To explore differences in outcomes when alternative strategies were used, we performed sensitivity analyses. Since risk assessments were grouped within clinicians and service organizations, generalized mixed models were fitted to determine the impact of the hierarchical structure of the data. Next, to control for the fact that the absence of suicidality does not automatically mean that the patient will not be admitted, we explored three approaches other than controlling for danger to others. First, we defined alternative suicide-risk categories; secondly, we split the file into ‘no danger to others’ and ‘low to high danger to others’; and thirdly we restricted suicide risk by excluding patients with no suicide risk and patients with a moderate suicide-risk but a high risk of danger to others. As these approaches produced no relevant differences, we only report models controlling for danger to others. A full account of the sensitivity analyses is available on request from the second author. All statistical analyses were performed using SPSS version 24.0 (SPSS Inc., Chicago, IL).


A grand total of 71,707 patients were assessed between 2007 and 2016, of which nearly 70% had been born in the Netherlands. Nearly 30% of the referrals had been made by GPs; in almost 40% of these cases, suicidality had been the reason for referral. Over half of the assessed patients (54.6%) were suicidal at the time of referral, with at least a moderate or high score on the SPI item. In terms of their diagnoses, over 30% had a psychotic disorder and over 16.2% had a personality disorder, mostly a borderline personality disorder (7.2%), followed by an otherwise unspecified personality disorder (6.4%), and an anti-social personality disorder (1.4%). For all characteristics, see Table 1.

The voluntary admission rate was 17.7% for patients with a low suicide risk, 28.4% for patients with a moderate risk, and 32.9% for patients with a high risk. The involuntary admission rate was 18.8% for patients with a low suicide risk, 16.3% for patients with a moderate risk and 31.9% for patients with a high risk.

Table 2 shows that the probability of voluntary admission to a psychiatric hospital for patients with a specific level of suicide risk was affected by the presence of personality disorder. Overall, patients diagnosed with personality disorder were less likely to be admitted than other patients. For patients in the high-suicide risk group the difference in voluntary admission rate between people diagnosed with personality disorder and other diagnosis is estimated at 0.37 versus 0.46 respectively (see Fig. 1a). The interaction effect suggests that when suicide risk increases, the probability of admission for patients with personality disorder increases more rapidly than for patients with no diagnosis of personality disorder. The interaction effect was more distinct in people who had been admitted involuntarily (for involuntary admissions model fit indices are higher). As we controlled for the risk of danger to others – which is strongly associated with involuntary admission – the coefficient for suicide risk is negligible in the model. When the level of suicide risk is moderate or high, the probability of involuntary admission for patients with a personality disorder is the same as that for patients with other disorders (see Fig. 1b).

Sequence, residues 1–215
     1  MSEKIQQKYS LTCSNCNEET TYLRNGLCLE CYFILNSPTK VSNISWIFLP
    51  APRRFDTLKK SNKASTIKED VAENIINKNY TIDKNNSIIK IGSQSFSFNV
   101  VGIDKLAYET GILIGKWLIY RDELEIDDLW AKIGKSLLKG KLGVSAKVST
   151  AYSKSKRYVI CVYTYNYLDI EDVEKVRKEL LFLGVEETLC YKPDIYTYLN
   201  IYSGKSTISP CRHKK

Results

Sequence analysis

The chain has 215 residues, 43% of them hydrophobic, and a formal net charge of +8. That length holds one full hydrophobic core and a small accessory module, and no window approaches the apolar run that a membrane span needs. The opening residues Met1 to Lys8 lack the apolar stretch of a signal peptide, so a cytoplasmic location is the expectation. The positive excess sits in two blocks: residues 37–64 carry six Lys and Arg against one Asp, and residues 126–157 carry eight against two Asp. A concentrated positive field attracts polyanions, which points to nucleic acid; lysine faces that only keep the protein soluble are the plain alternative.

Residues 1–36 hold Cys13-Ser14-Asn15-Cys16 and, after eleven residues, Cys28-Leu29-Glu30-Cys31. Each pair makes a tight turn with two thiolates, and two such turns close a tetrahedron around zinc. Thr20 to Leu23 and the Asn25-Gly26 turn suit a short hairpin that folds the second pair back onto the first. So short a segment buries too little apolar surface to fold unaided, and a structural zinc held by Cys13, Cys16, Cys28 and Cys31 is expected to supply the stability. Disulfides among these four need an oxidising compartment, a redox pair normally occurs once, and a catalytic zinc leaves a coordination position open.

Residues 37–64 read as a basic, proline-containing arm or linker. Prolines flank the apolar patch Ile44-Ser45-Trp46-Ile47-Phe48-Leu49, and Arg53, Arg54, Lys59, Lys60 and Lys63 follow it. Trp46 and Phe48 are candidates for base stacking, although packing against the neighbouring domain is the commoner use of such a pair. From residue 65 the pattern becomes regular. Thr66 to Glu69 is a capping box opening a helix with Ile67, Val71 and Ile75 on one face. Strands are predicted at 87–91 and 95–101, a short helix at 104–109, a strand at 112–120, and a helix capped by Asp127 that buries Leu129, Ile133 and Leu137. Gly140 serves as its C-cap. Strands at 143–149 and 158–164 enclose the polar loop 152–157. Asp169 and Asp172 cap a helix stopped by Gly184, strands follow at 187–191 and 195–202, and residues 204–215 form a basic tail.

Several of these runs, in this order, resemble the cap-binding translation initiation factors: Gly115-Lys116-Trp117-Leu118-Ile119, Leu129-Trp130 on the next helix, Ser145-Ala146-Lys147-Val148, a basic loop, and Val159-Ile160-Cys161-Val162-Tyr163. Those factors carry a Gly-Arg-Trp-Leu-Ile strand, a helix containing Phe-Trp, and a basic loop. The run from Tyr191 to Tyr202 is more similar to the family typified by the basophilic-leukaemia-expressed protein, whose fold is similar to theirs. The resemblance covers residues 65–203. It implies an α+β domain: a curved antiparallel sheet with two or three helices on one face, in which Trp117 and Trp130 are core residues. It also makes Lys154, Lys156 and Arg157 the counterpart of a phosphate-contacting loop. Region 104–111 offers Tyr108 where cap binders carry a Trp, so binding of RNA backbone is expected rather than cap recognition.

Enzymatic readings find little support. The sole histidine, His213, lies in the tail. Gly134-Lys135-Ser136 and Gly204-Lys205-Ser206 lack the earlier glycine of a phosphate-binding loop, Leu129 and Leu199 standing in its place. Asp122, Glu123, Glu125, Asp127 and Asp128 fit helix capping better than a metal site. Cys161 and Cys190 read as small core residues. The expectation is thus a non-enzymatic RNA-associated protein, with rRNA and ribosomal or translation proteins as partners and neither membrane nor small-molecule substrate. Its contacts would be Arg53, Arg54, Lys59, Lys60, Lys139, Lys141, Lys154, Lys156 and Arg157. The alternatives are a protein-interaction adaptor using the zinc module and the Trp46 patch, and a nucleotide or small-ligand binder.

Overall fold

Fig. 1

a Voluntary admission by suicide risk and personality disorder (or no personality disorder) at fixed values for age gender and danger to others. b Involuntary admission by suicide risk and personality disorder (or no personality disorder) at fixed values for age, gender, and danger to others

The probability of (in)voluntary admission was also affected by other variables. An effect of motivation for treatment (main effect − 2.80, SE = .061; interaction effect − 0.257, SE = .042) indicated that involuntary admission was higher in patients with less motivation for treatment. Substance abuse did not change the effect of personality disorder on the association between suicide risk and the probability of admission. Family requests for admission increased the probability of voluntary admission, which rose in line with the level of suicide risk (main effect 1.59, SE = .036; interaction effect 0.105, SE = .026). Family support was also apparent in the assessment for involuntary admission but not in combination with suicide risk. Patients who had strong family involvement were less likely to be admitted to hospital, and were even less likely to be admitted when their suicide risk was higher (main effect − 0.114, SE = .032; interaction effect − 0.057, SE = .024). While these factors are important, they did not change the associations between level of suicide risk, personality disorder and (in)voluntary admission.


This study shows that suicidal patients diagnosed with a personality disorder are less likely to be voluntarily admitted to a psychiatric hospital by PES, as compared to patients not diagnosed with a personality disorder However, when suicide risk is higher, the personality disorder diagnosis becomes irrelevant in the case of an involuntary admission.